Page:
What To Do BEFORE You Invest in Technology

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Posted by: briansittley Comments: 0 0 Post Date: September 6, 2016

invest techTechnology and ERP systems are too often presented as the panacea that will cure all your business ills.  But the fact is, technology without the right planning could actually end up hindering your efforts.  Recently, the folks at Panorama Consulting suggested four things a company should do before making a tech-investment leap.  We concur wholeheartedly and thus share their thoughts (and  few of our own) with you today.

  1. Without business process reengineering, new technology will simply pave the cow paths. Too often, companies jump into their enterprise software initiatives without redefining their business processes (in other words, simply automating already broken business processes). Business process reengineering is an important first step and foundation to an effective ERP implementation, so even if technology is a key part of your roadmap, make sure that you’ve done the heavy lifting to redefine key business processes prior to implementing a new system.
  2. Technology is useless without the right guiding enterprise and IT strategy. It’s easy to quickly embark on a new technology system because it will be an improvement over what you currently have – regardless of whether or not it fits into your strategic plan. There are simply too many options and variables to consider in the technology space, which can cause some to stumble when those decisions don’t fit your overall strategy. (Thus, we would add, be sure you have your strategic and business goals properly defined well ahead of your cash investment.)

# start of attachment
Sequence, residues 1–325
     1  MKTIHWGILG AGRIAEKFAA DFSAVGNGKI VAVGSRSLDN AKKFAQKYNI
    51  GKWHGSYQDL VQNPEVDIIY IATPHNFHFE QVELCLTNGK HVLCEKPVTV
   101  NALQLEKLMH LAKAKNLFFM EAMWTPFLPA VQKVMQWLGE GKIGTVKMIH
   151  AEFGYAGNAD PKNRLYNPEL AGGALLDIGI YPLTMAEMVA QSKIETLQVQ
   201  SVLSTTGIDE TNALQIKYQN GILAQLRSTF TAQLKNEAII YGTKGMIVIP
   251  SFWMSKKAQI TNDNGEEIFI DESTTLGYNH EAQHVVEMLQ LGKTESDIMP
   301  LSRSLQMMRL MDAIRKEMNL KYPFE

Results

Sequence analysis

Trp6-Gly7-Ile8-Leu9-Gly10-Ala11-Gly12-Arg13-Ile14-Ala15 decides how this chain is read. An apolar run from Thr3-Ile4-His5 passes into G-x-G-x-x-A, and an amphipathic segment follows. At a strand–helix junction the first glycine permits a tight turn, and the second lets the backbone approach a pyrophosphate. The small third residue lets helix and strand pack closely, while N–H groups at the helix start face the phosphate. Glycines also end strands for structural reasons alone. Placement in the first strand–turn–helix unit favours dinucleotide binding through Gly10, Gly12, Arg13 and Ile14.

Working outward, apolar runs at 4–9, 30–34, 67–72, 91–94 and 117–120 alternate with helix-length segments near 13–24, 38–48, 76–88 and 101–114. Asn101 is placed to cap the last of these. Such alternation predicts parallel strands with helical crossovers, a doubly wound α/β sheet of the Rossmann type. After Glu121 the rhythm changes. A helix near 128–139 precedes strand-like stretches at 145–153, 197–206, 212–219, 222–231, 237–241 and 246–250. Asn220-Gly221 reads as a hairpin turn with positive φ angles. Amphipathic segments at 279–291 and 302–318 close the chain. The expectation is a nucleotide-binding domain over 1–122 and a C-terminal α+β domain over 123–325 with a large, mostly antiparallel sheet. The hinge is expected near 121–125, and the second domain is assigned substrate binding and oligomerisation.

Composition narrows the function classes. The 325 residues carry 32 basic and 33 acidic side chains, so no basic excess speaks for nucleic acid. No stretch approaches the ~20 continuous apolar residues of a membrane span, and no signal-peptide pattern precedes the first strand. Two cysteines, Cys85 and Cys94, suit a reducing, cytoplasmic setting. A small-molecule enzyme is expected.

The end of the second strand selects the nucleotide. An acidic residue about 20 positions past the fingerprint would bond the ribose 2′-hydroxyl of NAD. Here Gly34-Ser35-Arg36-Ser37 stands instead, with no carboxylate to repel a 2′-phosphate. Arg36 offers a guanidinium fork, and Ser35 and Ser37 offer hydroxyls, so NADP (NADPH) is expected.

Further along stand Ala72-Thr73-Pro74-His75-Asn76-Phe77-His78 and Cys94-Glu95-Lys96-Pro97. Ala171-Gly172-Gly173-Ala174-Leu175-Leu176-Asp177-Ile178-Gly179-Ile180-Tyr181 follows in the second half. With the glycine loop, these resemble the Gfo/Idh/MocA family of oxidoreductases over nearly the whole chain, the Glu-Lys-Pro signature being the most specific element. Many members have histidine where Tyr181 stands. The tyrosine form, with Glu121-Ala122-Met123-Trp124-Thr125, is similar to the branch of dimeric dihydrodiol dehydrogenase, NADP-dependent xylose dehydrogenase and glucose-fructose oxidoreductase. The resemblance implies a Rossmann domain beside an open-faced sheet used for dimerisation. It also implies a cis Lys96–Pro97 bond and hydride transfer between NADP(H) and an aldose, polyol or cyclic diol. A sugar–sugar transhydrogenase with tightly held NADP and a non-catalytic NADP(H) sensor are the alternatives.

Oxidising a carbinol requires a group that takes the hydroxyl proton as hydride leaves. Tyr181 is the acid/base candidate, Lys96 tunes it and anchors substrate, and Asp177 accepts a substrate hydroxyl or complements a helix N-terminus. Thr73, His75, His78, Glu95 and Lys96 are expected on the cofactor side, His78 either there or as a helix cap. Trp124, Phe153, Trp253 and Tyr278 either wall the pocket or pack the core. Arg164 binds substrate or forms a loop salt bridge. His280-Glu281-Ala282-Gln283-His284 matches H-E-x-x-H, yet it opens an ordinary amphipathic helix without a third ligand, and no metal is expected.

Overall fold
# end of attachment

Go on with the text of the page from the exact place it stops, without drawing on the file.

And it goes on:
3. Organizational change management is what ultimately drives transformation – not technology. People and processes drive change.  (And here then we would add: This is where the “technology is not a cure-all” thinking comes into play.  You can’t throw tech at a people/process problem.  First define the problem, then map the process (old vs. proposed new), then factor in everyone’s feelings and input about proposed changes, and then, maybe… look at how technology can help improve your lot.)
  4. Even if it really is time for a new ERP system, the other non-technical aspects of your initiative will drive true business transformation. (Our comment: Technology is just one component of your transformation.  Be sure it serves your people/process needs first, and not the other way around.  Look at all your needs from all angles, and given the typical cost constraints under which most companies labor, choose your targets judiciously.  Map out just 2 or 3 key strategic objectives for starters, and build slowly from there.  Take it slow, keep it go, as my old Slovenian grandpa used to say.)

You can find the full text of Panorama’s thoughts here.
 
 

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